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Analysis_

Shaping healthy minds for project success

Workplace mental health and safety to support healthy minds at work

There are significant psychosocial challenges facing our workforce across all major industries. Anxiety is a systemic issue, often arising from workplace distress and has both a domestic and workplace impact.

Our nation is tackling the most demanding project pipeline in history and our workforce is struggling. There is a tragic level of suicides, the construction industry has the highest per capita (53.3 out of 100,000 workers) and largest by sheer numbers with 1,324 suicides per annum.1  Around 25 % of all absenteeism is psychosomatic, only 13% of the workforce is fully engaged, our executives have increasingly high levels of stress. There is also a vast gap between the identified need for mental health and the support that is provided. The overall impact to the economy is upwards to over $11 billion per annum. This effects many hundreds of thousands of employees and equates to millions of hours of lost productivity each year.

Figure 1, Source: ABS/Beyond Blue

The good news is that we have increased awareness of the issue. The challenge is beyond just having a rapid response capability to mental health issues, but towards a broader, systemic change required to build an environment where all employees can fulfil their potential. This responsibility lies with the board and the senior executive leaders in organisations. Promoting and building healthy workplaces can result in a positive return on investment of 2.3. For every dollar spent on implementing a mentally healthy workplace, there is an average of $2.30 of benefits gained.2

Learning from success

Unfortunately, we are not yet providing the support in mental safety which is contributing to the significant performance gaps relative to physical safety. The transport and construction sectors have made great inroads in terms of physical safety over the last two decades, there is now a culture of safety with recognition by the leaders of the role in shaping this performance.  We can learn a great deal from the success of this process and make the same inroads into mental health.

Figure 2, Source: ABS-Beyond Blue

Lead from the top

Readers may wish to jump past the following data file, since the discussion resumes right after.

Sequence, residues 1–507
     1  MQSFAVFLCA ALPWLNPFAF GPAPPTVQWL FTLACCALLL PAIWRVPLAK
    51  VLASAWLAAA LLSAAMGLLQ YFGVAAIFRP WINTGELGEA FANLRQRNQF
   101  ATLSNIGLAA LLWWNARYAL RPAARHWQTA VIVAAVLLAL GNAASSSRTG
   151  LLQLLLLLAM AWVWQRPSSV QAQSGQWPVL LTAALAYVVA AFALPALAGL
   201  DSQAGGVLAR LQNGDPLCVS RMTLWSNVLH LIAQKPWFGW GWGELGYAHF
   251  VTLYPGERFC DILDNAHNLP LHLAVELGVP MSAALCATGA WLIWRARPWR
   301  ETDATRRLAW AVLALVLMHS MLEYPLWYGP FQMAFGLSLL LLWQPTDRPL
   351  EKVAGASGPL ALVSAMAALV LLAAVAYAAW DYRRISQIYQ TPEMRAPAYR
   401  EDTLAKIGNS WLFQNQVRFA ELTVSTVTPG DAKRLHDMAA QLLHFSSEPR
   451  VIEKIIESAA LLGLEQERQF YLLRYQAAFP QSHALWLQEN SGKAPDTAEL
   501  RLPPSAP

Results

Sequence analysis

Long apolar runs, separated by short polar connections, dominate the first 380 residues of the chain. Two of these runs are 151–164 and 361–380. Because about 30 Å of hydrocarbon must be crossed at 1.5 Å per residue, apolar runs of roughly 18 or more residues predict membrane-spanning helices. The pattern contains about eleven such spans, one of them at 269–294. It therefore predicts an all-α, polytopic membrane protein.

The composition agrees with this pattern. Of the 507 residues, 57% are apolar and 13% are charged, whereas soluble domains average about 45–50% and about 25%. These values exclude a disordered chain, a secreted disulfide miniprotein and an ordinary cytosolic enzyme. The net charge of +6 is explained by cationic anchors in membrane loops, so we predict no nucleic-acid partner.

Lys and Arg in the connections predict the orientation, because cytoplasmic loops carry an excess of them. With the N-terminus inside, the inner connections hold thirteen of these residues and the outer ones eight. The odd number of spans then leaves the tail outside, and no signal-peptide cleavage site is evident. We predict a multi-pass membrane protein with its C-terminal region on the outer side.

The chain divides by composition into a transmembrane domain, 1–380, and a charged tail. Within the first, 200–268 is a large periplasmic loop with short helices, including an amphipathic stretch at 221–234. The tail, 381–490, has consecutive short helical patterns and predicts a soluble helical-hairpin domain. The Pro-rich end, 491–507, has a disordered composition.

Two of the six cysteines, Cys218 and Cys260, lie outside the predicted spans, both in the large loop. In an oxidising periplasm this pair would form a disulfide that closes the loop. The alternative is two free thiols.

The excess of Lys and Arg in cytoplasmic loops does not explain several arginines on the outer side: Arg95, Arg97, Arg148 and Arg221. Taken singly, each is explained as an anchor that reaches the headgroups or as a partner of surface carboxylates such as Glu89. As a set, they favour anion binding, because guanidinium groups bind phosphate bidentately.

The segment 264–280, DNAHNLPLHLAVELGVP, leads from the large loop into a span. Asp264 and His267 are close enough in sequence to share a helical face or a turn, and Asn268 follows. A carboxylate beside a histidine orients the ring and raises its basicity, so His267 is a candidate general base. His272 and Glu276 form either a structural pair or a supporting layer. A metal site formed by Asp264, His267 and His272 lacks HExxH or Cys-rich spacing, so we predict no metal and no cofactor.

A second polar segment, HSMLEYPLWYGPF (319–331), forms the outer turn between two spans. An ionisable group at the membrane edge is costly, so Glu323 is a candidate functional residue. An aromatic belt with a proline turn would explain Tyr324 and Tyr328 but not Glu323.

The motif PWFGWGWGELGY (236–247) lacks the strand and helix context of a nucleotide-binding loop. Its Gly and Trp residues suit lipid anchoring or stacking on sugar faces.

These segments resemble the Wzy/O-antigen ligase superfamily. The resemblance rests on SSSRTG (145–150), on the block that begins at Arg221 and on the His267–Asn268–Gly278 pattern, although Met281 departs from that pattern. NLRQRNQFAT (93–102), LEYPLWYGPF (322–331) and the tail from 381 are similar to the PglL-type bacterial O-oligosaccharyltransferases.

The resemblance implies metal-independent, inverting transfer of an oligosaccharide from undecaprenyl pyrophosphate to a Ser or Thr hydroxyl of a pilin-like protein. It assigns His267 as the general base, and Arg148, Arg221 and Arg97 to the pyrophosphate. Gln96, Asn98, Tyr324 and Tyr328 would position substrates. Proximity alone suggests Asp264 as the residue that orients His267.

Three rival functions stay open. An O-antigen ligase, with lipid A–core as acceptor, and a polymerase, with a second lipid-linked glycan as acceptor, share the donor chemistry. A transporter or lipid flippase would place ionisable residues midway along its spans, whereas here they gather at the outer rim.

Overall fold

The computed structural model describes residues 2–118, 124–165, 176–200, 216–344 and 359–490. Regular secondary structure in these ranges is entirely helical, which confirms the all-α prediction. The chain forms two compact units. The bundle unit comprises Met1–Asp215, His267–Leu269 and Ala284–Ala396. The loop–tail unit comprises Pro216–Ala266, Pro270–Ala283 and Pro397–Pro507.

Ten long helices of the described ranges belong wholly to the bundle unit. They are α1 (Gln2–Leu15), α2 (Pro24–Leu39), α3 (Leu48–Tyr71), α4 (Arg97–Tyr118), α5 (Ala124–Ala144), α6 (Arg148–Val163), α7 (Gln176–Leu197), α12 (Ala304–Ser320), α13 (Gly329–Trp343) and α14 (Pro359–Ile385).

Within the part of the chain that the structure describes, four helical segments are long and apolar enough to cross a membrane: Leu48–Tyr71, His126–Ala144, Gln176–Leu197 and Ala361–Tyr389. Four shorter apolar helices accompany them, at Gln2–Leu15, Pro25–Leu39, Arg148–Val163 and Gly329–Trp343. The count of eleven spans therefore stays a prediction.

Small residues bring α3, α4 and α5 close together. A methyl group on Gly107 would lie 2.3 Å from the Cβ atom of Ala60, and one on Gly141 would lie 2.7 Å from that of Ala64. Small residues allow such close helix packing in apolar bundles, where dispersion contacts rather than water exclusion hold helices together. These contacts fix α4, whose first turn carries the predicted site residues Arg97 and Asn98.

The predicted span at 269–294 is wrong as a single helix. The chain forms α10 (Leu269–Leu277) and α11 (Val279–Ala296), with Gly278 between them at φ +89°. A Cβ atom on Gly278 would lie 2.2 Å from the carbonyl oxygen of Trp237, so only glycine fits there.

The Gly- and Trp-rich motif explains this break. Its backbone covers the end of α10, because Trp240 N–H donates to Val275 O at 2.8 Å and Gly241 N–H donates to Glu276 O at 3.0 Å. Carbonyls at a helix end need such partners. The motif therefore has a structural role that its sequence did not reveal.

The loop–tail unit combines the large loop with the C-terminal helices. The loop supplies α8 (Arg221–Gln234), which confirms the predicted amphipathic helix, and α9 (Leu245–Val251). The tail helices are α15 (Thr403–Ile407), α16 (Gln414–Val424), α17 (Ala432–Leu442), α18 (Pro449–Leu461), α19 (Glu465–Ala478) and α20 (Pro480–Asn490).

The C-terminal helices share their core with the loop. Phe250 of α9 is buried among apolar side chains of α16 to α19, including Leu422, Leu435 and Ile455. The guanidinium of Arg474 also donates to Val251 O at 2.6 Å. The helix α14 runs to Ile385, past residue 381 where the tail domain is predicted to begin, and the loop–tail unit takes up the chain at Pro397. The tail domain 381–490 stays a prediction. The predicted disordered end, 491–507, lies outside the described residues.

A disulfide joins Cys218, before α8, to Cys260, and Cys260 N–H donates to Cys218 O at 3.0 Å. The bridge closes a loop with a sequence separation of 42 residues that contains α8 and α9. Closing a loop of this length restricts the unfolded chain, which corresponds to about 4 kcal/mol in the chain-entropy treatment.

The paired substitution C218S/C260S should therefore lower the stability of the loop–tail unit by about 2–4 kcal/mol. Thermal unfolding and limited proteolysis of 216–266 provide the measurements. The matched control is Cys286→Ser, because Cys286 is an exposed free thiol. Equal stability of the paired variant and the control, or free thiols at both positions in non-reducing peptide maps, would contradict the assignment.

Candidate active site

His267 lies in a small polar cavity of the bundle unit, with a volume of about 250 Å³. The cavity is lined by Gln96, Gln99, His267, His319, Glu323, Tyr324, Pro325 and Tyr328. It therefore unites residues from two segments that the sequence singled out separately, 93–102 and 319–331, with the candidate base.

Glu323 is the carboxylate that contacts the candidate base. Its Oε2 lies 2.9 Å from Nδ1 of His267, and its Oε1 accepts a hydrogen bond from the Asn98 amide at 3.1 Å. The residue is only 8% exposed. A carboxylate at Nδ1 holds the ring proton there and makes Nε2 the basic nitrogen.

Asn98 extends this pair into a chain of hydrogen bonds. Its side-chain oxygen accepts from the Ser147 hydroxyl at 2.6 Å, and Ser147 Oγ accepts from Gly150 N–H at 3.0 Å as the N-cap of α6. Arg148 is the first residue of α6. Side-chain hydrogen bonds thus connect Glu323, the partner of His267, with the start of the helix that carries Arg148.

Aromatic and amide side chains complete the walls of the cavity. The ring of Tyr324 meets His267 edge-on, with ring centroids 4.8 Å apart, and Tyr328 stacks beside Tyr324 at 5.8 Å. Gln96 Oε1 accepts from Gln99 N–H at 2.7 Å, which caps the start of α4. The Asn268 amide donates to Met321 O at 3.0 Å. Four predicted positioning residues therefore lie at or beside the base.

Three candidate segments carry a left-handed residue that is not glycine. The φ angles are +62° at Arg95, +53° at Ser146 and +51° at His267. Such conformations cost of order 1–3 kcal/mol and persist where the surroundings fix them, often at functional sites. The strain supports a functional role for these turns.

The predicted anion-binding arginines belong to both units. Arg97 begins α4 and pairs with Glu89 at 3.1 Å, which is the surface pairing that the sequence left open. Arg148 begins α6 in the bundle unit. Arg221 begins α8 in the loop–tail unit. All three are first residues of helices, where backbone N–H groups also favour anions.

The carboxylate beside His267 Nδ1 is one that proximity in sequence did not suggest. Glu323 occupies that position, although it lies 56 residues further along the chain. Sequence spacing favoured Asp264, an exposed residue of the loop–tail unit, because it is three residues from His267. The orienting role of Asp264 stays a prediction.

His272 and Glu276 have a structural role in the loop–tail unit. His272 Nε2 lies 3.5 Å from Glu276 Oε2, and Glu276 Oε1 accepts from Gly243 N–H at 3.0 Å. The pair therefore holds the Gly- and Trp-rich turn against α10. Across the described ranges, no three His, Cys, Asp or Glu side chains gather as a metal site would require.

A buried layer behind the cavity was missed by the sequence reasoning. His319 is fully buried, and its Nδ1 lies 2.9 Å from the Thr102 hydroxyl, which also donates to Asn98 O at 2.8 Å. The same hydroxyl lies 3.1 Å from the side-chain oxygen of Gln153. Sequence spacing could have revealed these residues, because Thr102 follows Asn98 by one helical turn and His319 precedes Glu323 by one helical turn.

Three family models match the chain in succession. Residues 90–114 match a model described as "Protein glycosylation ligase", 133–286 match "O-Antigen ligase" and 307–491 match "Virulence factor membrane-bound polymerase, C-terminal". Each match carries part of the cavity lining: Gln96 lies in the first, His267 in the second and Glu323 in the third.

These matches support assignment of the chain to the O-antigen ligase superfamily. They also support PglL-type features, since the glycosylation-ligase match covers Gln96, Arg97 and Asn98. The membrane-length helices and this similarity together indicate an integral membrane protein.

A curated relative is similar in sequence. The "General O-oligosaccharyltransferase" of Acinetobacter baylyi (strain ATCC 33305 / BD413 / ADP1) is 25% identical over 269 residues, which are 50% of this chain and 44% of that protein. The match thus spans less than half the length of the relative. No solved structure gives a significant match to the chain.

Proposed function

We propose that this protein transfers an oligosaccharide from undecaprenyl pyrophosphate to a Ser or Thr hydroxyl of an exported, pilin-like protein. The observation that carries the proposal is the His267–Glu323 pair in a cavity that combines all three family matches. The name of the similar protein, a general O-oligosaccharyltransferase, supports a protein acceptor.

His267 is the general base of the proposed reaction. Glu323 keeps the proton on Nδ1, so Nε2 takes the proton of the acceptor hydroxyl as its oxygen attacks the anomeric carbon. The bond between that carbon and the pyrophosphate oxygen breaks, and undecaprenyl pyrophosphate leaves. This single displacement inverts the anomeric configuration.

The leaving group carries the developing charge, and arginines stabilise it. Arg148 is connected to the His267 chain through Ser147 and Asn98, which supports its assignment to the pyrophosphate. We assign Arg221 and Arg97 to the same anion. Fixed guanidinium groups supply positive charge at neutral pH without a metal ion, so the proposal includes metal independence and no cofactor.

The executive population, responsible for shaping such an initiative are often experiencing a significant level of stress themselves. In a recent study 37.9% of the executives that were tested were classified as having dysfunctional levels of distress, which is substantially higher than that observed in the general Australian population.3

Figure 3, Leading from the top

High levels of anxiety and depression were a result and contributed to workplace activities such as bullying and significant substance abuse. At the executive level, there is room to develop the capability to understand themselves and then shape their environment.

Leaders pathway

To promote change and build a mentally healthy workplace, there is a need to work simultaneously on the leaders, the system, as well as team and the Individuals. The pathway to this starts with the leaders. Unfortunately, leaders tend to be firefighters who work at a survival level. At the top end leaders operate as critical thinkers (level 3), innovators (level 4) and ultimately gamer changers (level 5) with the ability and capacity to transform organisations (See figure 4).

Figure 4, Levels of leadership

Roadmap to a mentally healthy workplace

To make inroads on mental health change needs to work simultaneously across leaders, the system and the individuals, through a 5-stage process:

  1. Building resilience
  2. Building the ability to reframe and learn poor practices
  3. Building awareness of organisational systemic effect
  4. Building capability to transform the system
  5. Support the struggling individuals and teams
 
Indviduals are slowly becoming more open when sharing their stresses and anxieties. Leaders need to support these individuals to promote a mentally healthy workplace. Organisations can help by putting in place initiatives to support these time-poor individuals and teams to boost well-being and productivity in the long-term.

1 Peiffer, E 2016. A hidden epidemic: Construction suicide data draws industry crisis into the spotlight. Construction Dive. Available: https://www.constructiondive.com/news/suicides-construction-industry/424658/.

2 PwC 2014. Creating a mentally healthy workplace: Return on investment analysis. PwC. Available: https://www.headsup.org.au/docs/default-source/resources/beyondblue_workplaceroi_finalreport_may-2014.pdf.

3  Kemp, T., Green, S. 2010. Executive Coaching for the Normal “Non-Clinical” Population: Fact or Fiction? Fourth Australian Conference on Evidence-Based Coaching 2010. Available: https://sydney.edu.au/science/psychology/psychcoach/conferences/coaching2010/presentations2010/kemp-green.pdf


Malcolm Dunn is a Adjunct Professor and Director, Coaching, Mentoring and Project Services with the John Grill Centre. He has extensive leadership development experience through the design and delivery of executive leadership programs, managing teams of executive coaches and leading strategic execution planning and complex project management teams.

As both a business strategist and qualified psychotherapist, he has supported boards, senior executives and high potentials on their transformational journeys at both the personal and team level.